Mr Speaker, that is at the heart of our tertiary education. We are drifting away from the core functions of the various universities. Indeed, even with the Kwame Nkrumah University of Science and Technology (KNUST), one of the core courses that is pursued is fine arts. I believe that it should not even belong there in the first place -- fine arts at a university of science and technology?
Mr Speaker, so we should be careful where we are taking our education to and which aspects of our education we emphasise. It is the reason I find unfortunate, a comment by one of our Hon Colleagues, which really appeared to justify the dilution of the various halls at the University.
This, “it happened to someone, so if it happens to another, what is wrong”? attitude is most unfortunate. This is because if we should encourage the thinking that we want to really emphasise enrolment of females at the tertiary level, very soon, we shall come to senior high schools.
What would happen? We would not have any strictly boys or girls' senior high schools. That is the necessary consequence or sequence of events. I do not think that is justifiable.
In any event, if that is at the heart of it, why do they then dilute Africa Hall and take males there and bring females to University and Unity Halls? If they want to do that, at the end of the day, what would we see? At the University Hall now, the females outnumber the males.
So what is at the heart of that thinking -- the introduction of females into otherwise male halls? Mr Speaker, we should be truthful to ourselves. I think that if we are candid with ourselves and there is no room for suspicion, then perhaps good counsel and reason would prevail.
Mr Speaker, the brutalities that happened -- We all know that people did not want to respect laid down statutes. It appeared that people were in a hurry to implement whatever they had agreed on at various levels, be it at the University Council, within the ranks of the students and even the campus guards.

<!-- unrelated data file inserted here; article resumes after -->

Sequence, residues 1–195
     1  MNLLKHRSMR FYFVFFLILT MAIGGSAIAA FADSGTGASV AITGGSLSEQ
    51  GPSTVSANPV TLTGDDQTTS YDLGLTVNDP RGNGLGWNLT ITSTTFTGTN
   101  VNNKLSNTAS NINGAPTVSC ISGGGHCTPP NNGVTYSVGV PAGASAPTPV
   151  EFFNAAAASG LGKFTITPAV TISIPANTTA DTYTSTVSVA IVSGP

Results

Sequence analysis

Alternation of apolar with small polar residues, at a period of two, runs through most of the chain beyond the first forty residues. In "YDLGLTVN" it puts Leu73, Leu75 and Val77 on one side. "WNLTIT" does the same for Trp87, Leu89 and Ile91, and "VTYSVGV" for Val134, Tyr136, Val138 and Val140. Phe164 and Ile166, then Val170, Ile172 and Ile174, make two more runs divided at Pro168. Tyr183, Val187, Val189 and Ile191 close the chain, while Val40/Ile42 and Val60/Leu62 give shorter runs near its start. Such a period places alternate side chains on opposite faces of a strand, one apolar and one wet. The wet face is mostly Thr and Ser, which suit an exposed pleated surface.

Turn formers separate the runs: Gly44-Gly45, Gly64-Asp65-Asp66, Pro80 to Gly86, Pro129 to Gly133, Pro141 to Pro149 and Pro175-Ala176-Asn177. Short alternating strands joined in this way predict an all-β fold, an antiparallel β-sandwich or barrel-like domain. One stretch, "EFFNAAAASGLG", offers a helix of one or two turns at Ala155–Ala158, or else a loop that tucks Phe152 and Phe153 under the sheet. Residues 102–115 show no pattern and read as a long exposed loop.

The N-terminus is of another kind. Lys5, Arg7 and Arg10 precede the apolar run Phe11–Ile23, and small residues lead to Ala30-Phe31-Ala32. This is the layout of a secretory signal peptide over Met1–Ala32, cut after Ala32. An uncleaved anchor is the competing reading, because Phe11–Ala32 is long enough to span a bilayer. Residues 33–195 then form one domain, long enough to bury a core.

This is the third incident in the annals of KNUST where campus guards have attacked students with venom. What is at the heart of it? We should interrogate it; it cannot be right.
That is not in any way to justify the aftermath of that event, which resulted in the destruction of property, for which the Government, and indeed, the university may have to make available money to the tune of GH¢1.7 million, we are told, to repair. It cannot be right, but we should go to the heart of the event.
As I said, I associate myself with the Statement made by the Hon Colleague. I do not want to be repetitive of the issues that have been raised because as I said, it is a collaboration that I had with my Hon Colleague to produce this. I thank him for what he did.
I believe that the comments that we have heard really stand the Statement in good stead.
Mr Speaker, in a lighter vein, this is most uncharacteristic of Hon Samuel George in this House. [Laughter.] Mr Speaker, this statement should be expunged. [Laughter.] I think that we have had a very useful Statement.
Mr Speaker, going forward, what is the relevance of our Committees in Parliament? Article 103(3) of the Constitution provides a solution and, for emphasis, I beg to read:
“Committees of Parliament shall be charged with such functions, including the investigation and enquiry into the activities and administration of ministries and departments as Parliament may determine; and such investigation and inquiries may extend to proposals for legislation.”
Mr Speaker, I believe that at the end of the day, we could charge the Committee on Education to look into this and proffer suggestions to us.
Already, one of our Hon Colleagues suggested that we should standardise the laws relating to all the universities. I disagree with him. It cannot be; we cannot have the enactment for a university of science and technology being the same as a university that is arts oriented. It cannot be justified.
So the Committee could be charged with such responsibility and given some time to respond and report back to us. Whatever Report that they submit, Mr Speaker, I believe should serve as a useful guide to all of us.
Mr Speaker, I thank you for the opportunity.